Tackling a Killer on a Molecular Level
Alumnus delves into the genetic makeup of the flu and other diseases
By Lynn Burke
Mason alumnus Jeffery Taubenberger, B.A. Biology ’82, has, along with his colleagues, accomplished ground- breaking work in deciphering the genetic makeup of flu viruses, “one of the largest killers in the world.” And although Taubenberger recommends annual flu shots, the chief of molecular pathology at the Armed Forces Institute of Pathology (AFIP) says that many people’s attitude toward the flu is rather blasé.
Taubenberger’s interest in performing immunology research was already in place when he graduated from Mason, and it was a reason he attended the Medical College of Virginia in a combined M.D. and Ph.D. program. He completed his residency in pathology at the National Cancer Institute of the National Institutes of Health and stayed on there as a staff pathologist. In 1993, the AFIP recruited him to set up a molecular diagnosis laboratory.
Part of the work facing Taubenberger at the lab’s outset was to develop techniques for extracting genetic material out of fixed tissue. “It is easy to get genetic material out of frozen or fresh tissue,” he says. “But if you take that tissue and process it the way pathologists normally do, it becomes difficult to get genetic material out of those tissues.” Taubenberger and his colleagues, however, eventually worked out the techniques to do just that. They decided to highlight those techniques and the AFIP’s extensive collection of human autopsy samples—that date back to the Civil War—by looking into the particularly lethal virus that caused the worldwide 1918 flu pandemic that claimed an estimated 40 million to 50 million lives in about six months.
“ One of the weird things about the 1918 virus is that it had the propensity to kill young healthy adults in just a couple of days,” says Taubenberger. “People who tend to die of flu infection are the elderly, people with chronic illnesses.” About 20,000 to 30,000 Americans die of the flu every year; in 1918, the flu killed 700,000 Americans.
One of the things making Taubenberger’s research challenging is the fact that flu viruses are not stable genetically. “Once the virus has gone through the population, the population builds up immunity to that particular strain,” he says. “If the virus is going to survive, it has to mutate itself in a way to escape the immunity that already exists.” The 1918 virus, therefore, only existed in 1918. Fortunately, the AFIP’s collection had lung tissue from soldiers who died of the flu during that year.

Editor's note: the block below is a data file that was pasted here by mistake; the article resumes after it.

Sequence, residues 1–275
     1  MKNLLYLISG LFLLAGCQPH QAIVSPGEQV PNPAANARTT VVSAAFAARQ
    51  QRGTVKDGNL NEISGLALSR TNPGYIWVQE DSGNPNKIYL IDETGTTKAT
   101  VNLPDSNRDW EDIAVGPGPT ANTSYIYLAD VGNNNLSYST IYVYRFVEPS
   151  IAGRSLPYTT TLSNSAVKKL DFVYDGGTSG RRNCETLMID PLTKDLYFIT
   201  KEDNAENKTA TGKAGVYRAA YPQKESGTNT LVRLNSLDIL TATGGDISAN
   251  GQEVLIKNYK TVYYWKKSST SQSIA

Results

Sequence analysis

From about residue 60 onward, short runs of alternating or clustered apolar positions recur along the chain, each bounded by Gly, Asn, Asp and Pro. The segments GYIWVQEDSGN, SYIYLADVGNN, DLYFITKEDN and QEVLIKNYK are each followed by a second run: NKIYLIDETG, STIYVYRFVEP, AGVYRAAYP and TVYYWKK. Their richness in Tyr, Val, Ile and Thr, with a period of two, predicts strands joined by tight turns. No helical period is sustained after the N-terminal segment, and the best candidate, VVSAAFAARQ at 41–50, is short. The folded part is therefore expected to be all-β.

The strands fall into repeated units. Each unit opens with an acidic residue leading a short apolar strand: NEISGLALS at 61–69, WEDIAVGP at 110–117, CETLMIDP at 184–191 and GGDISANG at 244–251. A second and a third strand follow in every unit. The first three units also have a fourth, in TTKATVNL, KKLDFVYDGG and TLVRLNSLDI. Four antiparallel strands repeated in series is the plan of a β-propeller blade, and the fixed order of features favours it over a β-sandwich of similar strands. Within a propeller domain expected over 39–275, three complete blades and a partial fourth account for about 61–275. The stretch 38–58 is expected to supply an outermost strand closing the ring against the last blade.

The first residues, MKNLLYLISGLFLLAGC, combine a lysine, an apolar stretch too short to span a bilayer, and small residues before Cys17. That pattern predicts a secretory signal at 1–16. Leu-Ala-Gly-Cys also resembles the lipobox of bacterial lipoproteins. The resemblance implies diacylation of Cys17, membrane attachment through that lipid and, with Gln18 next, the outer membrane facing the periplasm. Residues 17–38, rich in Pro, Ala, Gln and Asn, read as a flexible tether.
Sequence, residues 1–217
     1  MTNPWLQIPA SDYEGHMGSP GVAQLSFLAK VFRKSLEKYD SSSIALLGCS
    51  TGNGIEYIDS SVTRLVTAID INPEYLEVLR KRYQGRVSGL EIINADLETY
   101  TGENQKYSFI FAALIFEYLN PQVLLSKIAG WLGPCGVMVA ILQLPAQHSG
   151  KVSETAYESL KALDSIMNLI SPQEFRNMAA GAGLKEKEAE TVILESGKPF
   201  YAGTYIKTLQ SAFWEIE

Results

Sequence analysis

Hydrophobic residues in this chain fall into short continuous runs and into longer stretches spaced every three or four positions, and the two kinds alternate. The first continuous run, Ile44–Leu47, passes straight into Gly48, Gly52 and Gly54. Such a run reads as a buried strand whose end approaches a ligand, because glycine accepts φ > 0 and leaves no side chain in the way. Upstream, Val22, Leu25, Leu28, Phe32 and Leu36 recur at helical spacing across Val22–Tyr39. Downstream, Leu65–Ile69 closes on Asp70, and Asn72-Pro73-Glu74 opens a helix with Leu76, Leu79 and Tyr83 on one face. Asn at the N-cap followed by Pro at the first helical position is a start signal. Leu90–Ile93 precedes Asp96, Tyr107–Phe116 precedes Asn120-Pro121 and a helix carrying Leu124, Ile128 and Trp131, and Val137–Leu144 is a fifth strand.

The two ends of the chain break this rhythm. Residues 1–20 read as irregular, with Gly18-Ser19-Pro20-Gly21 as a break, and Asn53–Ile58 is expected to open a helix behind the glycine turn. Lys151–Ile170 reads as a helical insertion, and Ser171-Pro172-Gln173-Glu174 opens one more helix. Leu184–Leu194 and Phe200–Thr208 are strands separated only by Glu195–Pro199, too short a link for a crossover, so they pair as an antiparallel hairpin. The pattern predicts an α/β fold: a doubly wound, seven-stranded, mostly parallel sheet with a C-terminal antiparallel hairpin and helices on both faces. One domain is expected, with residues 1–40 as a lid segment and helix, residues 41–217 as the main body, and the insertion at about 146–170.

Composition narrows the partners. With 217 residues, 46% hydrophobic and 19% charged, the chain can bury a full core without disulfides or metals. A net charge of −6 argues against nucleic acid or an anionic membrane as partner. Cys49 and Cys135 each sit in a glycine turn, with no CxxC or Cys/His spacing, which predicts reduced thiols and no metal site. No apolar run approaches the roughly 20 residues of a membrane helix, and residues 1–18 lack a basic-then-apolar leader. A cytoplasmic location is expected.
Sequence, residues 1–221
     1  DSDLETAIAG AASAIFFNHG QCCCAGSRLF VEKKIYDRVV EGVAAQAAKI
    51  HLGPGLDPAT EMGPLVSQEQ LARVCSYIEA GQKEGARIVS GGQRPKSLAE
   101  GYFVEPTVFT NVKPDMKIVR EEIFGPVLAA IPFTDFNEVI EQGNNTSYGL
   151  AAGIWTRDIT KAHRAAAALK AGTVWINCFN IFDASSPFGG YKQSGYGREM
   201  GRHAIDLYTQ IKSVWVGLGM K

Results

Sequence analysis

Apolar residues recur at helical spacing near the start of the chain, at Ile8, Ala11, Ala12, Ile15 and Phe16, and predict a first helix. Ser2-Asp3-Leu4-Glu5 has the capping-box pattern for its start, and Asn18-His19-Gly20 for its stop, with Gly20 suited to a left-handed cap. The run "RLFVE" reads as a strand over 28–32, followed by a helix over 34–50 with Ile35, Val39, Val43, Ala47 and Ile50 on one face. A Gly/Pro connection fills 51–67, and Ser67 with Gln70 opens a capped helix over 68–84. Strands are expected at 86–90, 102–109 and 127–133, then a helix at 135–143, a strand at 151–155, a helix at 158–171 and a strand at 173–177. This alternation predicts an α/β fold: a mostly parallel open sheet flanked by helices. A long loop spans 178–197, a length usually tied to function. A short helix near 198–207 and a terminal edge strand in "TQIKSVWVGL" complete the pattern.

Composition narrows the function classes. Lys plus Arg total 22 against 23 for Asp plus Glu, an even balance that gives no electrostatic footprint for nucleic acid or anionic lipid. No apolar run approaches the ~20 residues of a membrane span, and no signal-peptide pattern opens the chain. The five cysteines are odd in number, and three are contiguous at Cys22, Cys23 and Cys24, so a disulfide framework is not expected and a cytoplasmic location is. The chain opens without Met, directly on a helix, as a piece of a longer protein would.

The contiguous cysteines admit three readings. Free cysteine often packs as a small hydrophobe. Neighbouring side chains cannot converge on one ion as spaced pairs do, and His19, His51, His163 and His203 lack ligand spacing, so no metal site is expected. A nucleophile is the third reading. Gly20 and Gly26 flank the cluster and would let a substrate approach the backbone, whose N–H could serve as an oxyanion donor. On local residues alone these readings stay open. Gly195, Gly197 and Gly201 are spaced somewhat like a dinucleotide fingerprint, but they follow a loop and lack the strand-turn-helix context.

Taubenberger says that teasing the bits of influenza genes from the tissue is difficult and tedious because the genetic material is so fragile. “Having gone through the process of being fixed with formalin and stored for 84 years, it is very degraded and only present in tiny fragments in tiny amounts, so we cannot just read the sequence of the virus at one time.” Once the whole sequence of the virus has been read, Taubenberger hopes to discover where the virus came from and why it was so lethal.
At this point, researchers think the genes came from a bird virus that spent time adapting in some other host before infecting humans. They are comparing what they have of the 1918 virus gene sequence with the gene sequences of flu viruses from birds, animals, and people. Through a collaborative study with scientists at the Smithsonian’s Natural History Museum in Washington, D.C. (which has its own unique collection—hundreds of birds stored in alcohol), they were able to find the same type of virus as the 1918 one in a goose collected in Alaska in 1917.
One theory as to why the virus was so lethal is that the protein in a flu virus that blocks a person’s immune response when he or she is first infected was especially effective in the 1918 strain, says Taubenberger. Another is that people of the age group for whom the virus was most deadly had an immune response to the virus that ended up harming them.
Taubenberger says the work has generated a good deal of publicity. “There’s this sort of ‘Frankensteinian’ element—one of the samples we have is from a frozen body in Alaska.” The research has been the subject of some books and articles in the New York Times, the Washington Post, National Geographic, Newsweek, and Time magazine.
Taubenberger notes that the research is more than just a look at a historical curiosity. It attempts to answer some real medical questions: What happened, and can we use that knowledge to help prevent something like this from ever happening again?